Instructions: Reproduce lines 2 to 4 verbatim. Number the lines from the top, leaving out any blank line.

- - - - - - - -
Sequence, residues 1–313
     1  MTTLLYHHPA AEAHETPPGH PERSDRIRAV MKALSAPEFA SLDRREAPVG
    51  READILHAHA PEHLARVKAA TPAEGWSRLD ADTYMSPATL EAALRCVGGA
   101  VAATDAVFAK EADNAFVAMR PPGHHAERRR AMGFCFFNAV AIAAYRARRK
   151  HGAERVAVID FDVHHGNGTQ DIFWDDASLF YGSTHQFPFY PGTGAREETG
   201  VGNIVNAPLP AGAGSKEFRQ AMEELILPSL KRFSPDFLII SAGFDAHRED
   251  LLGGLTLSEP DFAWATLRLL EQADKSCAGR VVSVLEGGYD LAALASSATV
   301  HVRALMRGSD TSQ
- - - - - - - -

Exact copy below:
     1  MTTLLYHHPA AEAHETPPGH PERSDRIRAV MKALSAPEFA SLDRREAPVG
    51  READILHAHA PEHLARVKAA TPAEGWSRLD ADTYMSPATL EAALRCVGGA
   101  VAATDAVFAK EADNAFVAMR PPGHHAERRR AMGFCFFNAV AIAAYRARRK